Pay equity

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					   Equity in pay



by Toronto Training and HR

        May 2011
           3-4      Introduction to Toronto
                    Training and HR
Contents   5-10
           11-12
                    Definitions
                    Drill A
           13-17    Equity theory, intrinsic and
                    extrinsic considerations
           18-20    Pay equity law in Quebec
           21-23    Steps of a typical pay equity
                    exercise
           24-26    Gender pay gap
           27-28    What is a job class?
           29-32    Male or female job classes
           33-36    Is your employer at risk of a pay
                    equity claim?
           37-38    Drill B
           39-48    Case studies
           49-50    Conclusion and questions


                   Page 2
Introduction




     Page 3
Introduction to Toronto Training
            and HR
• Toronto Training and HR is a specialist training and human
  resources consultancy headed by Timothy Holden
• 10 years in banking
• 10 years in training and human resources
• Freelance practitioner since 2006
• The core services provided by Toronto Training and HR are:
              - Training course design
              - Training course delivery
              - Reducing costs
              - Saving time
              - Improving employee engagement & morale
              - Services for job seekers

                            Page 4
Definitions




    Page 5
         Definitions 1 of 5
What is PAY EQUITY?




                      Page 6
          Definitions 2 of 5
Skill
Effort
Responsibility
Working conditions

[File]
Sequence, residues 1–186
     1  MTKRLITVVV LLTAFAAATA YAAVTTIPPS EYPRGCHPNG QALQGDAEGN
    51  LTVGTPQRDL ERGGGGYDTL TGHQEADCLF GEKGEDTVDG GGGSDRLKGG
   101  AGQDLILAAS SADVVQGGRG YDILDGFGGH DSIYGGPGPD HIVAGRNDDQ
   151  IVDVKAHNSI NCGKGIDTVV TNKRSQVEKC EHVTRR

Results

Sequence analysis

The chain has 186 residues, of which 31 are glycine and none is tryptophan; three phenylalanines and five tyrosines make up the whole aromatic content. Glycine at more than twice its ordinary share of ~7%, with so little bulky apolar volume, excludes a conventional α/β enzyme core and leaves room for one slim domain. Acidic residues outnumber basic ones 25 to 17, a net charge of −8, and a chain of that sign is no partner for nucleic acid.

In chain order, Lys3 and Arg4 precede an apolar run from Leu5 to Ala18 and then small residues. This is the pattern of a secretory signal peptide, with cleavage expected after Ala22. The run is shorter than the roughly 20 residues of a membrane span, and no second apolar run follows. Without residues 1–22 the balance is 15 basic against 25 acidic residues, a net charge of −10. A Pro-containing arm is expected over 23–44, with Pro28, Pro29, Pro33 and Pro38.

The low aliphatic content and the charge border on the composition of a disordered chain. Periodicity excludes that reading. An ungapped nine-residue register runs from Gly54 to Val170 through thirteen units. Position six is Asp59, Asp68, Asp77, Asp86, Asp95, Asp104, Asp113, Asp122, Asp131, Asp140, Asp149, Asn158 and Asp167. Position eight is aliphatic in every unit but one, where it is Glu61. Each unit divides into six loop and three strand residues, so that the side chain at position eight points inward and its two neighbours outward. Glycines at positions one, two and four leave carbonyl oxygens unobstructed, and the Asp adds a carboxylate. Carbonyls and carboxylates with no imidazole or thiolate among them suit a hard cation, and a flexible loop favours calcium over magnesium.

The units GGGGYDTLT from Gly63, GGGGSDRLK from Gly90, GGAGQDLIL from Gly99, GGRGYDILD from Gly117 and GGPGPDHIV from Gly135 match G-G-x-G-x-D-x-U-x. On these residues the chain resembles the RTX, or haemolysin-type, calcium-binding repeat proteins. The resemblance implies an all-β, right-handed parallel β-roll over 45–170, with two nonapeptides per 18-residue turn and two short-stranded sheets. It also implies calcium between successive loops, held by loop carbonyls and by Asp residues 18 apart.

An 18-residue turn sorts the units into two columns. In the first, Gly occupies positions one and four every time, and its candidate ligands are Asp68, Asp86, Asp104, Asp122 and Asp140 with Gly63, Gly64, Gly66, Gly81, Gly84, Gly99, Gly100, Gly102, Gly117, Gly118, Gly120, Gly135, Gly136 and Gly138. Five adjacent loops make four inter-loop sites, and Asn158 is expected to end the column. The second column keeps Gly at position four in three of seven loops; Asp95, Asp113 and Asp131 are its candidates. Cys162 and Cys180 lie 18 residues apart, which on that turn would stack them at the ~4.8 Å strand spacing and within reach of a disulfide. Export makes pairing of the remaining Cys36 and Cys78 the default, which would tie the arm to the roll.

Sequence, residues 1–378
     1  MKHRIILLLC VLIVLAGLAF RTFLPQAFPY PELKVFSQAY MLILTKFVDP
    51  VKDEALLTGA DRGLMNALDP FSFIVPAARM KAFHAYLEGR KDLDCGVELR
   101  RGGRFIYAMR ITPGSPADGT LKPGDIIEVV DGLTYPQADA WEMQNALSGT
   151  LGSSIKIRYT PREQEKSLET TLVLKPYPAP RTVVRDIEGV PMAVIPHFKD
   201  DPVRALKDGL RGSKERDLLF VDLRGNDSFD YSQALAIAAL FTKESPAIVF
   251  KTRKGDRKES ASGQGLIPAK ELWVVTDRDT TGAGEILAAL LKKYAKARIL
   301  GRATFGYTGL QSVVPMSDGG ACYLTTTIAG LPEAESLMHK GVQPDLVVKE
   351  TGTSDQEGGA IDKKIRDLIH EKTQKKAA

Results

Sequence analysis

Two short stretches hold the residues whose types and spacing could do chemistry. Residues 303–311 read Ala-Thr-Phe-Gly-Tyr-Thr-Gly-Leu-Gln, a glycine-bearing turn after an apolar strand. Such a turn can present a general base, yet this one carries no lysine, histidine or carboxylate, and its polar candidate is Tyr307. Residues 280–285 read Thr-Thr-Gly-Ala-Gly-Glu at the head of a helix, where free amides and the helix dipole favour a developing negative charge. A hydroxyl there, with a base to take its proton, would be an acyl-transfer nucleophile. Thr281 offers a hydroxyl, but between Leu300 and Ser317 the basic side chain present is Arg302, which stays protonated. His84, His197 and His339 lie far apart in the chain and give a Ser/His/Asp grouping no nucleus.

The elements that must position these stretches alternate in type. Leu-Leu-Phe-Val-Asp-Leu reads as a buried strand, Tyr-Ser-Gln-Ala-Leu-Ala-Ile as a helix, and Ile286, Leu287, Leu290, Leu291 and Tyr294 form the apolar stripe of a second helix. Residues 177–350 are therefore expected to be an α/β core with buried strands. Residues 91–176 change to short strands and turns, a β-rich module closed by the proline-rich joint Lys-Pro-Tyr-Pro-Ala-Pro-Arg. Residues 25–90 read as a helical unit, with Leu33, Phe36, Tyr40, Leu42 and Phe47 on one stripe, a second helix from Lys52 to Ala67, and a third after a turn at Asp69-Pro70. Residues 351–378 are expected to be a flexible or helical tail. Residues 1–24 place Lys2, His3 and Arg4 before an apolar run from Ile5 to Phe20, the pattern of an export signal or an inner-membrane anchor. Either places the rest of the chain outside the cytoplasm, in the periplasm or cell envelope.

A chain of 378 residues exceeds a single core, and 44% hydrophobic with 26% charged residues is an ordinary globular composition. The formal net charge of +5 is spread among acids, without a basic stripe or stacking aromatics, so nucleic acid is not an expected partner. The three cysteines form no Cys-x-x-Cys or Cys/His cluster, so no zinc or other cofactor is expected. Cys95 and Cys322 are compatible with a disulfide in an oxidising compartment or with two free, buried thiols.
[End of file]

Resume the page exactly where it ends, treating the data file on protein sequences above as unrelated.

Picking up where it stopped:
Page 7
           Definitions 3 of 5
FACTS
Pay Equity does not anticipate or guarantee an
increase in pay for all job classes.
Male jobs in a Bargaining Unit will not receive an
increase as a result of Pay Equity.
Pay Equity does not provide for internal equity.
When a male comparator is identified, it does not
mean that the male job is the “same” as the
female job, but rather that the value of the jobs is
relatively the same.

                       Page 8
             Definitions 4 of 5
FACTS
Under Pay Equity, the rate of compensation for the female
job class must be equal or greater than that of the
identified male comparator.
Male comparators and compensation practices within one
organization may not be the same as those in another
organization.
Pay Equity does not take into consideration how well an
individual performs their duties. It is in no way attached to
performance or internal equity.
Pay Equity recognizes only the Employer’s expectations and
the requirements of the job as described in the job data.

                           Page 9
            Definitions 5 of 5
FACTS
Where a female job class is currently paid higher than the
identified male comparator, there will be no adjustment in
pay.
Pay Equity is not an exact science. The Pay Equity
Commission has concluded that Bargaining Unit members
of each joint committee, and the Employer representatives,
are required only to be reasonable in the collection and
evaluation of job content. They do not need to meet an
exact standard.